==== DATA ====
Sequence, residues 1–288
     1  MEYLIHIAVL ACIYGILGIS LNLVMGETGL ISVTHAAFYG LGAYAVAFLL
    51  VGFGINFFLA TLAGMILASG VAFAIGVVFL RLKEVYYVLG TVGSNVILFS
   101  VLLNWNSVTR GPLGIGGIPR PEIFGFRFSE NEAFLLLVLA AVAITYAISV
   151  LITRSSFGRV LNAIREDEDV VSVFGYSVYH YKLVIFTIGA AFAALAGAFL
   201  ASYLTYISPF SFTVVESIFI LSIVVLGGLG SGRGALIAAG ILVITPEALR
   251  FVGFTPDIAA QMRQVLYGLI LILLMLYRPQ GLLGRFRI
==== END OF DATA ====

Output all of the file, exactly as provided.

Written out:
Sequence, residues 1–288
     1  MEYLIHIAVL ACIYGILGIS LNLVMGETGL ISVTHAAFYG LGAYAVAFLL
    51  VGFGINFFLA TLAGMILASG VAFAIGVVFL RLKEVYYVLG TVGSNVILFS
   101  VLLNWNSVTR GPLGIGGIPR PEIFGFRFSE NEAFLLLVLA AVAITYAISV
   151  LITRSSFGRV LNAIREDEDV VSVFGYSVYH YKLVIFTIGA AFAALAGAFL
   201  ASYLTYISPF SFTVVESIFI LSIVVLGGLG SGRGALIAAG ILVITPEALR
   251  FVGFTPDIAA QMRQVLYGLI LILLMLYRPQ GLLGRFRI